The war in Ukraine has not only marked a significant milestone as the largest European land war since World War II, but it has also been the battleground for a new type of warfare fought in cyberspace. The conflict between technologically advanced countries has brought to the forefront the critical role of technology and information in modern warfare. This article explores the evolving concept of Total War in sociotechnical systems, where all resources, including civilians, become part of the war effort.
Total War, as defined in this context, is a war in which a country mobilizes all available resources and utilizes them to achieve victory. This includes civilians as potential military targets and the targeting of non-offensive infrastructure. The war in Ukraine has exemplified the Total War phenomenon, where both sides have embraced new technologies and tactics to gain an advantage. However, the concept of Total War within sociotechnical systems remains relatively underdeveloped.
Sociotechnical systems refer to the complex interplay between technology and human organizational behavior. Understanding the potential and vulnerabilities of these systems is crucial for strategic thinking in warfare. Jordan Richard Schoenherr, an assistant professor in the Department of Psychology, argues that our understanding of warfare needs to adapt to this changing landscape. Social network analysis, a relatively new concept in military strategy, can shed light on the intricate relationships between people and technology.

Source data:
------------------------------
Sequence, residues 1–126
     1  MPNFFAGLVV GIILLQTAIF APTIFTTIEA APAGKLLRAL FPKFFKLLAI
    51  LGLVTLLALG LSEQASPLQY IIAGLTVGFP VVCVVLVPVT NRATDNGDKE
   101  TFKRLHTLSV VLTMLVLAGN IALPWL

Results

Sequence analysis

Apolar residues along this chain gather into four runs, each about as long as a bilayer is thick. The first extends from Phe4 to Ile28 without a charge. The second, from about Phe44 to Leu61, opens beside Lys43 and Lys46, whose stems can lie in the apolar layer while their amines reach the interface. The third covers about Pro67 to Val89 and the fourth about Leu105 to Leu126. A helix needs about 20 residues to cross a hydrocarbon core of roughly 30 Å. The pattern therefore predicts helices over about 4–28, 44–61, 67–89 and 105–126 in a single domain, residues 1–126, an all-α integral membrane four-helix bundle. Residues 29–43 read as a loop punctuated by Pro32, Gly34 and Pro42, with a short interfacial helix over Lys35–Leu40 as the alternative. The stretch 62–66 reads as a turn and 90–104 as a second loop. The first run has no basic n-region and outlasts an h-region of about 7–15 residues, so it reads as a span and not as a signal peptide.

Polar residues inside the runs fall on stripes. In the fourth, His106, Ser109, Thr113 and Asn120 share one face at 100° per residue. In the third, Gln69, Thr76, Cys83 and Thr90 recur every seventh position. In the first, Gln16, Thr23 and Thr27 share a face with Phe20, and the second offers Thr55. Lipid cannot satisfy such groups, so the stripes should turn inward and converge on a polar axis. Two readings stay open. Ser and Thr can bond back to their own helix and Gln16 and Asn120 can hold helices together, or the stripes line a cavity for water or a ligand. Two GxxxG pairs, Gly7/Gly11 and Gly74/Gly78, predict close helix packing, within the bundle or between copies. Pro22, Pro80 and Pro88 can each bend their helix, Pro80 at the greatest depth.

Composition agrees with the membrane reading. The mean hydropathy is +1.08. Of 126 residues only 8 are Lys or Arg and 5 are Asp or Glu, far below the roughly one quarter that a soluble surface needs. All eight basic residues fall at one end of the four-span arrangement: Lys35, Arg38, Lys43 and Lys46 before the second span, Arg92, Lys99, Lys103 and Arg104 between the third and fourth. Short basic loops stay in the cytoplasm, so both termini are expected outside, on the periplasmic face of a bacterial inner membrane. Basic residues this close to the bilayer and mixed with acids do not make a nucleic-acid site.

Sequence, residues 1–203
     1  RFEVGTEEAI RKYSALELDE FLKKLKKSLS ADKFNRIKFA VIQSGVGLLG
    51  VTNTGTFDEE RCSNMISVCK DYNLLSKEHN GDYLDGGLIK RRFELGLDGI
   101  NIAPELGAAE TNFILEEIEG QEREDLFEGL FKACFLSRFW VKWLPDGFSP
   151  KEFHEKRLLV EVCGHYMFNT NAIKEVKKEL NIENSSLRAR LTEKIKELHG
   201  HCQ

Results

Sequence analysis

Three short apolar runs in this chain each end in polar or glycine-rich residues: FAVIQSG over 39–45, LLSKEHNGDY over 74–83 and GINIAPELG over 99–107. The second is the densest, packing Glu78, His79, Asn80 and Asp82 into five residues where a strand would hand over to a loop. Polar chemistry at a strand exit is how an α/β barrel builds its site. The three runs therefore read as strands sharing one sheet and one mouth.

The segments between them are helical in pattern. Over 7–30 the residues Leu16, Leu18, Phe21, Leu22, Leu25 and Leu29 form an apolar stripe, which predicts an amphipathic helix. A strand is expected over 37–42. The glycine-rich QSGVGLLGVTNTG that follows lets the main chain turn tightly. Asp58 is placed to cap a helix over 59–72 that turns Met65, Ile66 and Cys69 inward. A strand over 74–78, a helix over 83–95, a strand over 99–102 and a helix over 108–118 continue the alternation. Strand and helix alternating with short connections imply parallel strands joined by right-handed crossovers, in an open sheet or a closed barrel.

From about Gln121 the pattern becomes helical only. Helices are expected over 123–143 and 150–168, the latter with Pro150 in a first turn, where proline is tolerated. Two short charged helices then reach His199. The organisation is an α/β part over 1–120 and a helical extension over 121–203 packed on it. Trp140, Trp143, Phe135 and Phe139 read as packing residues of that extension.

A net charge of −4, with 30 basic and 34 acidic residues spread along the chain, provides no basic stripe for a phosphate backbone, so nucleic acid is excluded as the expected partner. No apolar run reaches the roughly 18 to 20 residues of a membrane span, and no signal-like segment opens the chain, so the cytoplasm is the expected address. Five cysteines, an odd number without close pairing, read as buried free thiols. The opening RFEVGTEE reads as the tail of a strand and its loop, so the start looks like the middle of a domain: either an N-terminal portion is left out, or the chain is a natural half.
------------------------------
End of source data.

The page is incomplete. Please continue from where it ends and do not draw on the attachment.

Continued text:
Schoenherr examines past conflicts, such as those in Kosovo, Iraq, Azerbaijan, and Armenia, to identify patterns of Total War within sociotechnical systems. He notes that the advent of cyberwarfare in the early 2000s marked a significant shift in the landscape. Traditional forms of warfare, such as website defacement, gave way to more sophisticated tactics involving psychological warfare on the internet. This combination of cyberwarfare and emerging technologies like AI-based malware and drones has reshaped the nature of conflict.
The war in Ukraine has witnessed the involvement of non-state actors, including companies like IBM, Elon Musk’s Starlink, and hackers from both sides. As AI, UAVs, and 3D-printed materials become integral to the battlefield, the study of supply chain dynamics becomes increasingly important. High-tech weapons rely on specialized components, and illicit sales or smuggling by third parties can disrupt military operations. The discovery of Western-made parts in downed Russian drones highlights the complexities of the supply chain in modern warfare.
Schoenherr raises an essential concern about the strategic-level culture of paranoia that persists in modern warfare. Just as during the Cold War era, the boundaries between militaries and civilians have blurred, and the starting and ending points of wars have become ambiguous. These factors can escalate conflicts and make it difficult to de-escalate rapidly escalating situations. Understanding how this dynamic unfolds is crucial for effectively managing and mitigating conflicts.
The changing face of warfare in sociotechnical systems demands a reevaluation of our understanding of Total War. The war in Ukraine has served as a laboratory for these transformations, with technology and information playing a pivotal role in the conflict. By comprehending the intricate relationships between people and technology, we can better navigate the complexities of modern warfare and prevent conflicts from spiraling out of control. As future conflicts continue to evolve, the study of sociotechnical systems will become even more critical for planners and strategists.